Finally, I was a lot bummed about Penelope.  She’s a fairly awful secondary character who was quite unpleasant throughout the previous five books, but I always had a bit of a soft spot for her and held a hope that she’d find her redemption at some point.  After all, even silly, spoiled girls eventually grow up, right? (I’m one of those people who believes even Lydia Bennet, eventually, developed a sense of self-reflection.)  I was, therefore, rather heartbroken to see Penelope utterly outdo all her former awfulness in an epic display of poor character.

Maybe it’s not too late — maybe Penelope can still redeem herself — but it made me sad.  I hate how women in fiction (even fiction written by women) are so often cast as either good or evil, and I liked how Penelope was a blend… too selfish to be truly good but too good-hearted to be truly evil.  But after the way she behaves at the end of this book, her blend seems skewed towards the evil…

But, hey! That’s just me.  All told, I had a blast reading the book and, though I haven’t talked about it at all in this review, I loved the romance between Maximus and Artemis, loved that Artemis was his equal in more ways than one, and I loved that the narrative didn’t ignore the ways in which they were unequal.  Finally, I liked that they got to make a happy ending of it.  (If a man had written it, Artemis would have been blown to bits so that Maximus could be super sad and continue being a vigilante. Thank God for Elizabeth Hoyt!)

Duke of Midnight was released on October 15, 2013 as an e-book and paperback by Forever.  For more information about the book, please click on the cover image above to visit its page on Goodreads.  For information on Elizabeth Hoyt, please check out her website or Twitter.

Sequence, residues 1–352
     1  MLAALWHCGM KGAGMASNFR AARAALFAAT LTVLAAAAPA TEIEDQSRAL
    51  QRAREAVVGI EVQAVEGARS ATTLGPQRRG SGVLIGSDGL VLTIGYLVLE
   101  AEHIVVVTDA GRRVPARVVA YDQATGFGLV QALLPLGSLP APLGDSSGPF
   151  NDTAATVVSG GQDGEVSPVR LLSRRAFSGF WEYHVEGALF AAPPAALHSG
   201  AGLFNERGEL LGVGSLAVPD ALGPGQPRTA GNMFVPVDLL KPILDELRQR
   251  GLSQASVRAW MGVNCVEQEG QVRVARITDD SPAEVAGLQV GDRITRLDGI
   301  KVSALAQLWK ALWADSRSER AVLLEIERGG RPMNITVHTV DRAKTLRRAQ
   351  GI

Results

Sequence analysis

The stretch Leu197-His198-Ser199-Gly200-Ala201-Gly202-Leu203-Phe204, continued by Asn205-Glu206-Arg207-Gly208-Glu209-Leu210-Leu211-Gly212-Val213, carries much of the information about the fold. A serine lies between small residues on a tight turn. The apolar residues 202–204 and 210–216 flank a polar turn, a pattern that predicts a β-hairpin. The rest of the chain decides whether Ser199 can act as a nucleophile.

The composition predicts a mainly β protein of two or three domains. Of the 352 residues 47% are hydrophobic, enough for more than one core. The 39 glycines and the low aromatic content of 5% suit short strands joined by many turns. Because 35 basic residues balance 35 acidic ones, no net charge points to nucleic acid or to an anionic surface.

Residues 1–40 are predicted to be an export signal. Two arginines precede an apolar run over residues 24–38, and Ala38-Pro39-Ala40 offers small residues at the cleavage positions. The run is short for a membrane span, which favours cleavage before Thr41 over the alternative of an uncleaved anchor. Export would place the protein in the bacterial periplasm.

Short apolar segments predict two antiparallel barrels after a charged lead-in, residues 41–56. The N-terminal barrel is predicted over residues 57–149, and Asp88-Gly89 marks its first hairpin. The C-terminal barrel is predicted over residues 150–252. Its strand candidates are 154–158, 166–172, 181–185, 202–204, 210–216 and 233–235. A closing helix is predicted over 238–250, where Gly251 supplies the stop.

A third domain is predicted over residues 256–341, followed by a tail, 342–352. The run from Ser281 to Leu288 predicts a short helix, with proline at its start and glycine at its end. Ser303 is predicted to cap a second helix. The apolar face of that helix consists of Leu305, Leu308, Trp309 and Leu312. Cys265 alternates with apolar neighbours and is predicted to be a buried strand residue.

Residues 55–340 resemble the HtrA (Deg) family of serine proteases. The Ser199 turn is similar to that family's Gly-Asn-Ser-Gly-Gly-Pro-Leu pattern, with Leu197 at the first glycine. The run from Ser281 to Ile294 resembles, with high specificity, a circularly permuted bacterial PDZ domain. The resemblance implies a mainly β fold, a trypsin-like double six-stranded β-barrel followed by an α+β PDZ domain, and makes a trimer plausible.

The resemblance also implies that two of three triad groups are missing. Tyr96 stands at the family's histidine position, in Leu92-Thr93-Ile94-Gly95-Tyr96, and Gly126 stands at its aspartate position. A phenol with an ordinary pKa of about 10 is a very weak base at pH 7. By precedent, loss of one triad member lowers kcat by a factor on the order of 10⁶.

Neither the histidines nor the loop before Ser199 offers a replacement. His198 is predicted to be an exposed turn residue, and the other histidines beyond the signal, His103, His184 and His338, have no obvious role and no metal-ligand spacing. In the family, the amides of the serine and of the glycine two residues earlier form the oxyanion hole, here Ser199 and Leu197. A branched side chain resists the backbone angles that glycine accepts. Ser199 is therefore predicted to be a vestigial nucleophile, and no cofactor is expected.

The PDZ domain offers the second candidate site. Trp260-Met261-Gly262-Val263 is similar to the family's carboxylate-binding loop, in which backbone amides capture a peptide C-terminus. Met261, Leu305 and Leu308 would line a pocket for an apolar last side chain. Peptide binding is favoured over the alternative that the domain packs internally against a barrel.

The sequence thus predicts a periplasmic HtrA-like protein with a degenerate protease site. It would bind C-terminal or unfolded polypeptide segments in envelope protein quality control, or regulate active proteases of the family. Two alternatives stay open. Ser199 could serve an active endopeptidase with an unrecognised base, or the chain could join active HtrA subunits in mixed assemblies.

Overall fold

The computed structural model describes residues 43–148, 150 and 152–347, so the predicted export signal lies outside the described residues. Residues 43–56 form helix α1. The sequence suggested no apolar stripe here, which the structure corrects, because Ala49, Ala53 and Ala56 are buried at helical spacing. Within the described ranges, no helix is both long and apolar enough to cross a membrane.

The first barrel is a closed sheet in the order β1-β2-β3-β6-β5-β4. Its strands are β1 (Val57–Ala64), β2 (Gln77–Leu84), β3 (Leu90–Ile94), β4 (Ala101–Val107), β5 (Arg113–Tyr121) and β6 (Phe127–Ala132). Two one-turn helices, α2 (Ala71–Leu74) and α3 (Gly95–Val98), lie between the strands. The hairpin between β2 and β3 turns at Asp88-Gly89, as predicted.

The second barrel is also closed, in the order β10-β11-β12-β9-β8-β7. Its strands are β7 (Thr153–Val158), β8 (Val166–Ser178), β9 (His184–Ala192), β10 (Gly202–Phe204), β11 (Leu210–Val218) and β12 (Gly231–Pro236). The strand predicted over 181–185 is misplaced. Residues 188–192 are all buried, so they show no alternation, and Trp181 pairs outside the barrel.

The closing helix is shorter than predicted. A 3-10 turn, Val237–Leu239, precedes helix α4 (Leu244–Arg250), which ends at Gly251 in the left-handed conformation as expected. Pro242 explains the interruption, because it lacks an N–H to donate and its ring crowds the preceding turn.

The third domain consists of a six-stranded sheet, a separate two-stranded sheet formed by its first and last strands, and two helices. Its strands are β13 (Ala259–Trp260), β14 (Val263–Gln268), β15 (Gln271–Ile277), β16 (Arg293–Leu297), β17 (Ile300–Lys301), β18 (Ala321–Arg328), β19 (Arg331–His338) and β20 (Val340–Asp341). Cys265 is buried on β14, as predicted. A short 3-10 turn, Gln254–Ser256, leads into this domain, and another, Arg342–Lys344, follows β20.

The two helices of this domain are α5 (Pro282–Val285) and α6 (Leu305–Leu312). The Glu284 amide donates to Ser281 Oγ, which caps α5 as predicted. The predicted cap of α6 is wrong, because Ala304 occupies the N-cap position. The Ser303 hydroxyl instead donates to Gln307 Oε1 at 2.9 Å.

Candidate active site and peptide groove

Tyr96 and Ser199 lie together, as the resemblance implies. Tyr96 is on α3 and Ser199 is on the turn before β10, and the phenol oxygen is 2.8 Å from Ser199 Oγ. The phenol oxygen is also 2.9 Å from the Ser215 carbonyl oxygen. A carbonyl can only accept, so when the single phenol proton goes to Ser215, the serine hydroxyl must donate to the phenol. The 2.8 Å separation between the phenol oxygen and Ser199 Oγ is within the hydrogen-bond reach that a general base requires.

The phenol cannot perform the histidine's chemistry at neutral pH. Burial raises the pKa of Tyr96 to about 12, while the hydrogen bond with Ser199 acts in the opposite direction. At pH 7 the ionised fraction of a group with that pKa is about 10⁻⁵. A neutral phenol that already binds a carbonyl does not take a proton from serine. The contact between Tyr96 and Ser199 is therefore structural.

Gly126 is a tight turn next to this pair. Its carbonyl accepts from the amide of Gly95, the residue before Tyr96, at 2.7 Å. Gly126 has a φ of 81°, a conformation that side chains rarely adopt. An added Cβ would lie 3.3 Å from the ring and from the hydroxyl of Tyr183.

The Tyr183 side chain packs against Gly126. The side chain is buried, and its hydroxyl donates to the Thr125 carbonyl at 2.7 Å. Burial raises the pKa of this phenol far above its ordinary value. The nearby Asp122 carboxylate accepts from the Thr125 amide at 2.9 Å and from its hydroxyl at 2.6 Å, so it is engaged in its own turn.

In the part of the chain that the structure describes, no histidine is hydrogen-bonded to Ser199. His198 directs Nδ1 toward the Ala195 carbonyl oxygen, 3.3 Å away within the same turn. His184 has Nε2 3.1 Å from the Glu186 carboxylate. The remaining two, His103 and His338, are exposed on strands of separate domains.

*FTC Disclosure – I received an e-galley of this book from Forever via NetGalley in exchange for an honest review.*

Blogging and genre – Armchair BEA Day 2

Well, it’s day 2 of Armchair BEA, and today, there are two topics: Blogger Development & Genre Fiction.

I’m certain I’m imposing my own insecurities on the question, but I have to be honest and admit that the very notion of assessing my development as a blogger makes me feel a bit inadequate.  The truth is that I consider this blog to be a hobby, a thing I do because I enjoy it, not because of any external pressure to perform.  Even if no one read this blog, I would still write it.  With that starting position, I feel very little compulsion to promote my blog, and if I drop off the map for three weeks because I’m unbelievably busy, I don’t feel at all bad about it.  That’s not to say that I don’t take this blog seriously — quite the opposite — but I don’t measure success in terms of popularity or marketability.  I have a job, and this blog isn’t it.

That said, I have developed quite a lot over the past year.  For one thing, I’m a better reader than I was.  For another, I’m a better writer.  Best of all, this past year of blogging has helped me to chip away at my habitual reserve, to make some friends (never easy for me to do), to say some true things and put them out there for all the world to see (should the world go out of its way to find my little corner of unreserve…), to try new things.  It has been a fantastic year, but these successes can be measured only on my peculiar scale.